The Tabla is regarded as the "queen of drums and percussion instruments" and is the most popular and widely used percussion instrument of the Indian Classical Music. It is also popular in various traditional music of Afghanistan, Pakistan, Nepal, Bangladesh, and Sri Lanka.

It is similar to bongos and consists of two drums.

The Bayan - (big bass drum)  It is the main drum and is played with the dominant hand,usually right hand. . Its shell is cylindrical and made out of wood, and its tight skin produces a distinct pitch when struck.

The DayanThe larger, low pitched drum, called dayan, has a bowl-shaped

The two of them are almost always played together and are single-headed drum usually of wood with a hoop and thong lacings to maintain skin tension. Both drums have goat or cow skin covering. They have a black middle spot made of iron fillings, soot and gum which produces a characteristic bell-like sound when drummed. This central area of "tuning paste" is called the syahi.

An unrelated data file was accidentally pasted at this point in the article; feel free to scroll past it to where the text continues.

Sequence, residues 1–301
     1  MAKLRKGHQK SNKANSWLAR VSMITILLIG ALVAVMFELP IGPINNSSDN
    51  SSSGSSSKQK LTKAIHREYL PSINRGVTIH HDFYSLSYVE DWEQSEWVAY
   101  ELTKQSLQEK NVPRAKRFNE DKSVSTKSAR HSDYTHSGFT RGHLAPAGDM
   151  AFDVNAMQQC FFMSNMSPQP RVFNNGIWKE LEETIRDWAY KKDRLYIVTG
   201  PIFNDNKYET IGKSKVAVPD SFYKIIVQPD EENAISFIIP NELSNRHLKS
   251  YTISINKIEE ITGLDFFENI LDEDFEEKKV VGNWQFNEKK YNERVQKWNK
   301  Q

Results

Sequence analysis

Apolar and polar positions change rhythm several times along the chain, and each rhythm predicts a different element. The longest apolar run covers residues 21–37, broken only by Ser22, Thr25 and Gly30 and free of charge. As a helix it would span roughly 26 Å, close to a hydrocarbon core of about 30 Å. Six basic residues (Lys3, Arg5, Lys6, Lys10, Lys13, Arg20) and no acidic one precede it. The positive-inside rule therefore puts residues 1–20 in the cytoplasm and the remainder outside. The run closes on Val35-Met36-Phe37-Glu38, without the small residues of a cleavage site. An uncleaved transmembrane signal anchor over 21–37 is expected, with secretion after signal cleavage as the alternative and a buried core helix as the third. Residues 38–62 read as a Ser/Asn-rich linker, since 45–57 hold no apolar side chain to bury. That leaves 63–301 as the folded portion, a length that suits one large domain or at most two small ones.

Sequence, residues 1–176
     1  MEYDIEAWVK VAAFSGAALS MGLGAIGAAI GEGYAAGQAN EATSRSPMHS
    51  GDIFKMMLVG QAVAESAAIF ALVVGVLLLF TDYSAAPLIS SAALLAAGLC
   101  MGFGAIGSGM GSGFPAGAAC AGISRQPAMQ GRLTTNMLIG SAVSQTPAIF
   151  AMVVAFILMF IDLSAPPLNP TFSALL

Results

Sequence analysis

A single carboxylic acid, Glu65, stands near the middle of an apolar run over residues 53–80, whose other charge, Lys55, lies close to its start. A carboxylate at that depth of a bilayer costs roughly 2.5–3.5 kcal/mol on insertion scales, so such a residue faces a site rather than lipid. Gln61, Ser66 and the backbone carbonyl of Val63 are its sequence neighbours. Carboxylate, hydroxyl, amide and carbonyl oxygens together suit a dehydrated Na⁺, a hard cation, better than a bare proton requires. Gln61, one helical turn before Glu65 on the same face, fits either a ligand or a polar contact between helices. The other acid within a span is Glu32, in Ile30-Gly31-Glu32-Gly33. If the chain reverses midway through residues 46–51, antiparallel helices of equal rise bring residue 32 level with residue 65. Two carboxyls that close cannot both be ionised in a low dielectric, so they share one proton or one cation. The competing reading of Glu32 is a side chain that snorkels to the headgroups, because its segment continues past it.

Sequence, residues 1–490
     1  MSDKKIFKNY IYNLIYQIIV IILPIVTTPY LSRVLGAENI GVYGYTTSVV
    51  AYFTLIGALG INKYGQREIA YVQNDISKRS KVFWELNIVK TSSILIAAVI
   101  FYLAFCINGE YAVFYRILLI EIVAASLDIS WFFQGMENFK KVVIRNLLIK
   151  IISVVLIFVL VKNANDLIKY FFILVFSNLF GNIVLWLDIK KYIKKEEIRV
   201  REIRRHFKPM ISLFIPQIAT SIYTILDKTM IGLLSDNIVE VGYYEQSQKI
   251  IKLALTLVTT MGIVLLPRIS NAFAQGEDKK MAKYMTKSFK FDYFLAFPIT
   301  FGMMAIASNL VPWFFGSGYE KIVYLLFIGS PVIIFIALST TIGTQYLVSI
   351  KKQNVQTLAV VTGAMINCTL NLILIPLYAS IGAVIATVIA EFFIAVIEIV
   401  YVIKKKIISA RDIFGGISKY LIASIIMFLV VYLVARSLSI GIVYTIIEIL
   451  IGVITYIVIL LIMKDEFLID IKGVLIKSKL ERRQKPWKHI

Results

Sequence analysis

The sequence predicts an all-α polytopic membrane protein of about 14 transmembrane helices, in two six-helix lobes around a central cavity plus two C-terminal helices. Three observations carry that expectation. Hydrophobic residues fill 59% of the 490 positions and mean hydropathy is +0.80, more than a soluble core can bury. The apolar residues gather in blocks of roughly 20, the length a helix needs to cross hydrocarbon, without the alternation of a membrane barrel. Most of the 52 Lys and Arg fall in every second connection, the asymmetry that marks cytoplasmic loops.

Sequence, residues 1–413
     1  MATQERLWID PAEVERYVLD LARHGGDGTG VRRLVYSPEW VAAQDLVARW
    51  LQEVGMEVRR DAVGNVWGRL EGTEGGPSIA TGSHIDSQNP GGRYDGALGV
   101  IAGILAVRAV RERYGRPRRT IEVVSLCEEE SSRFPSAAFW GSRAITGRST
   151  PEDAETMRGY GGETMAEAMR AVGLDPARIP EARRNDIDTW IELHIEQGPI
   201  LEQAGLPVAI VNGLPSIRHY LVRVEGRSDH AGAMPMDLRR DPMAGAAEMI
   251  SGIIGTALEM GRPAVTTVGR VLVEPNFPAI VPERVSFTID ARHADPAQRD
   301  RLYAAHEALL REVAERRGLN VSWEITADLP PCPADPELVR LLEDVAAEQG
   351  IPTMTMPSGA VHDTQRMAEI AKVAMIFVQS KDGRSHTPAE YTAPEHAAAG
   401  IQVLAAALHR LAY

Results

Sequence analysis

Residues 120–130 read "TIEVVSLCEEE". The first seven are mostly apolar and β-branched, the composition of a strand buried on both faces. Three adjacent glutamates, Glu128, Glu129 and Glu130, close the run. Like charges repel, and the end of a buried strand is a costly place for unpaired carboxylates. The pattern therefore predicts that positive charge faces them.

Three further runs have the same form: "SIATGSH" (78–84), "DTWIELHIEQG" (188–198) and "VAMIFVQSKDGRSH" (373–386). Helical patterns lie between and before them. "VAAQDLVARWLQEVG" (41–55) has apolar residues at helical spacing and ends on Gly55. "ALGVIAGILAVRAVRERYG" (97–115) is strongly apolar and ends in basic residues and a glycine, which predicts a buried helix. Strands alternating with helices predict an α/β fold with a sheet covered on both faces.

The musician plays the tabla while seated, with the baya to the left of the daya. Pressure from the heel of the player's hand changes the tone colour and pitch. Sound is produced on the drums through a variety of different finger and hand strokes.

Basic strokes-Ta,Ghe or ga,Thin,Dha, Dhin, Ka or kath, Na, Tete, Ti, Dhere

Tabla Taals-Some taals, for example Dhamaar, Ek, Jhoomra and Chau tals, lend themselves better to slow and medium tempos. Others flourish at faster speeds, pratham bhagati like Jhap or Rupak talas. Trital or Teental is one of the most popular, since it is as aesthetic at slower tempos as it is at faster speeds.

Distinguished players of the tabla include Alla Rakha Khan and his son Zakir Hussain